Detox your liver with garlic, a powerful superfood
11/03/2021 / By Joanne Washburn / Comments
Detox your liver with garlic, a powerful superfood

Foods and drinks that help detoxify the body are becoming increasingly popular because of how poor the average person’s diet is. Fast food and processed foods loaded with saturated fat, added sugar and synthetic ingredients can easily overwhelm your body’s filtering organs, particularly your liver.

If toxins from those foods overwhelm your liver, you’ll experience various health problems, such as fatigue, nausea and diarrhea. In severe cases, your liver may even fail suddenly. This is known as acute liver failure, and it can cause abdominal swelling, confusion and jaundice — the yellowing of the skin and eyeballs.

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Luckily, certain foods can help cleanse your liver and ensure it works properly. One such food is garlic. Any cook worth their salt knows that garlic is the ultimate seasoning. Versatile, easy to use and utterly delicious, you’d be hard-pressed to find a dish that wouldn’t benefit from a clove or two of garlic.

Garlic is a super detoxifier

Garlic has been used as a natural detoxifier for thousands of years. It doesn’t directly flush out toxins from your body. Instead, it helps increase the natural production of glutathione, an antioxidant that’s essential for healthy liver function and detoxification. It works by eliminating toxins in your liver, as well as in your kidneys.

Glutathione also helps eliminate heavy metals and environmental toxins from your body. Additionally, glutathione can protect your liver from oxidative stress, which is caused by harmful free radicals. Increased production of free radicals in the liver has been implicated in many liver diseases.

As you age, your body’s ability to produce glutathione naturally decreases. On top of that, poor lifestyle choices, such as frequently eating processed foods, smoking and drinking too much alcoholic beverages, can reduce glutathione levels in the body. One way you can increase your glutathione levels is by adding garlic to your diet.

Garlic also contains a trace mineral called selenium. Like glutathione, it also works as an antioxidant that protects your liver from toxins. Selenium is also important for other important biological functions, including immune response and thyroid hormone production.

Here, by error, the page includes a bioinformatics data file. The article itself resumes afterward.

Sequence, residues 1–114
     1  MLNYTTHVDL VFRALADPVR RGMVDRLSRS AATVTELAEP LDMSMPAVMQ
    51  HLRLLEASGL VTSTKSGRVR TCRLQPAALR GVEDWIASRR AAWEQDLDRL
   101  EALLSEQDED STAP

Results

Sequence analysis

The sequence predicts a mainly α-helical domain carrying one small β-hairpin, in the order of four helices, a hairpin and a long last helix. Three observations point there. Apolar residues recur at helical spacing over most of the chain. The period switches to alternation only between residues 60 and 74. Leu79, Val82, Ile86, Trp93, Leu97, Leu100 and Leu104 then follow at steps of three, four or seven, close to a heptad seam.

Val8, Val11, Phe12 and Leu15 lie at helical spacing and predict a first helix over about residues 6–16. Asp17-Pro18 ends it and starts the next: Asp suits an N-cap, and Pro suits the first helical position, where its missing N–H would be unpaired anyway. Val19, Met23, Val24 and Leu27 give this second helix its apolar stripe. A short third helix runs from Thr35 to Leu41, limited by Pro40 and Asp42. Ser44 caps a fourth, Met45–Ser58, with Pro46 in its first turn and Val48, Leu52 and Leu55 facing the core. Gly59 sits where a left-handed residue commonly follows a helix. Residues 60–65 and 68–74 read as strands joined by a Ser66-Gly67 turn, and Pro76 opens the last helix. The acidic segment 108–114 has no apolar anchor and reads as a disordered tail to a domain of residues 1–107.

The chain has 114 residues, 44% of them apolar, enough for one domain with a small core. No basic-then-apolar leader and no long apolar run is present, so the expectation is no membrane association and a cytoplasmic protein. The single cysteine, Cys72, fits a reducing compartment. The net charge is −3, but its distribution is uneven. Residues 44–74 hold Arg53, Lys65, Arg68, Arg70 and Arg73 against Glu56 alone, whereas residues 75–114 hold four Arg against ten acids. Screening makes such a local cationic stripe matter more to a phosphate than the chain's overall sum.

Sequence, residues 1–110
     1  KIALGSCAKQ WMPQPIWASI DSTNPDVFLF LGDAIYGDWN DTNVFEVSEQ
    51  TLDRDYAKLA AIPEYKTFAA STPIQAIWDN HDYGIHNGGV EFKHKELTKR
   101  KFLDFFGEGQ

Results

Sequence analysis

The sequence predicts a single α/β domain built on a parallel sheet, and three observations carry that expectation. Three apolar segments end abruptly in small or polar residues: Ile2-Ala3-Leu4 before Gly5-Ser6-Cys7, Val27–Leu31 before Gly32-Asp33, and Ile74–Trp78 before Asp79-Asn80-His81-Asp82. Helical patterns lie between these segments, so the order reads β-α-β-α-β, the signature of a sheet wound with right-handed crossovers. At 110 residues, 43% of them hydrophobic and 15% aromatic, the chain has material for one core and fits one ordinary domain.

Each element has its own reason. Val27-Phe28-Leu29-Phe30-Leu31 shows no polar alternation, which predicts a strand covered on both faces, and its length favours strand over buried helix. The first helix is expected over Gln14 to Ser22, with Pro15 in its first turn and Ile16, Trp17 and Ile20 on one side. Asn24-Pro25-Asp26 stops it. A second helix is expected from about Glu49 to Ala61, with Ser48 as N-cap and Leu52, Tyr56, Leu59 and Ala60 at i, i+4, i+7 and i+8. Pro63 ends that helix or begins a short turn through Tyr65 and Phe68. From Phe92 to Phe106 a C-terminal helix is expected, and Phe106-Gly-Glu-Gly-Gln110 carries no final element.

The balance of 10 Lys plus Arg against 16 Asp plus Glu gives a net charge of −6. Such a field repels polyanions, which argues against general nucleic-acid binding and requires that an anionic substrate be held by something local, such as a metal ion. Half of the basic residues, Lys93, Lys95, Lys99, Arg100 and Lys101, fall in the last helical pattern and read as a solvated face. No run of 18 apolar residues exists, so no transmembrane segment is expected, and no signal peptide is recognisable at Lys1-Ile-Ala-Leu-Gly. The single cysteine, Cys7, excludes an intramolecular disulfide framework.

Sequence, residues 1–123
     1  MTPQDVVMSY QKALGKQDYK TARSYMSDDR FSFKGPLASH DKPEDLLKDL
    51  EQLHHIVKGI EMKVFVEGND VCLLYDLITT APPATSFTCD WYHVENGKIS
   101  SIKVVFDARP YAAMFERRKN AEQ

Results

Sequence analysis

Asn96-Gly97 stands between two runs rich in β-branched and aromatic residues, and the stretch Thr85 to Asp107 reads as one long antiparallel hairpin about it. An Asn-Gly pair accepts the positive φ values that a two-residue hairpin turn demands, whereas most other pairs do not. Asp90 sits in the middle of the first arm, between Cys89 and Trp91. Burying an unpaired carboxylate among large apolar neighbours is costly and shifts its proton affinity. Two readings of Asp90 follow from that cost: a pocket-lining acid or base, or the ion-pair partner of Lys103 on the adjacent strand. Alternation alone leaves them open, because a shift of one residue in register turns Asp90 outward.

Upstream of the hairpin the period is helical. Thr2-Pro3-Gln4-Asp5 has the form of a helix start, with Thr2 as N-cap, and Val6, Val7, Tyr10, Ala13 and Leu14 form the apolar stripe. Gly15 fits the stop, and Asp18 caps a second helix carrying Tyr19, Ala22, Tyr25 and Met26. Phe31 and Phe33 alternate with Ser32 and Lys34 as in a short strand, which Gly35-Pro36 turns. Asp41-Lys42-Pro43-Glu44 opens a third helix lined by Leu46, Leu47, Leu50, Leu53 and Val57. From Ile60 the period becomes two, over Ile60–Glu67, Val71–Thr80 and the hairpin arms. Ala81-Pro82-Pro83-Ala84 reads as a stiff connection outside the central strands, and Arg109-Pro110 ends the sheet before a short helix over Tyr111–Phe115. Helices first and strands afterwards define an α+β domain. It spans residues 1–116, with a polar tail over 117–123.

Garlic is best enjoyed raw so that you can fully enjoy its detoxifying benefit. You should also chop or crush your garlic cloves before eating or cooking them to release their beneficial compounds.

Other benefits of garlic

Garlic is a rich source of other nutrients that support overall health, such as manganese and vitamin C. Studies show that garlic helps elevate your body’s level of the compound hydrogen sulfide. Hydrogen sulfide is both an antioxidant and a blood vessel relaxant that can help reduce your risk of stroke and heart disease.

Another perk of garlic is that it may help prevent unnecessary blood clotting. Powerful compounds in garlic (and onions) can decrease the “stickiness” of platelets in the blood. This also has the effect of reducing your risk of atherosclerosis, or the hardening and narrowing of your arteries. Atherosclerosis increases your risk for blood clots that can cause heart attacks and stroke.

Studies have also shown that garlic can help fight viral infections like the common cold and the flu because of a powerful compound called allicin. Allicin, which is released when garlic is crushed or chopped, can also protect against high cholesterol and diabetes.

How to prepare and cook with garlic

Garlic, a member of the onion family, is one of the most indispensable ingredients in the kitchen. It’s a bit fiery and pungent, as well as crunchy when raw. As it cooks, it gets softer and its flavor becomes more mellow.

Garlic is available year-round, so there isn’t a distinct season when it’s at its best. When shopping for garlic, opt for bulbs that are firm and plump with tight cloves. Avoid bulbs that look dry and have skin that easily falls off since those are likely old. If you cut open a clove and notice a green stem inside, this indicates that your garlic is sprouting and already past its prime.

Garlic cloves need to be peeled before being sliced or chopped. There are two easy ways to do this. The first involves placing the clove on a chopping board, placing the flat side of your knife against it and quickly pushing down with your other hand. This will crush the garlic itself and loosen its skin so that it’s easy to peel off.

The second method involves putting cloves in a mason jar. Secure the lid, then shake the jar as hard as you can. After 20 or so seconds, the cloves should have pretty much peeled themselves for you.

When chopping garlic, you’ll want to do so quickly. Dawdling means the garlic could oxidize and become bitter. Keep the slices the same thickness so that they all cook evenly.

You can add garlic to dressings, salsas and sauces or roast whole bulbs to serve with roast meat dishes. You can also add garlic to stir-fries, casseroles and soups.

Sources:

NaturalHealth365.com

Info.NIHADC.com

NCBI.NLM.NIH.gov

EverydayHealth.com

Chatelaine.com

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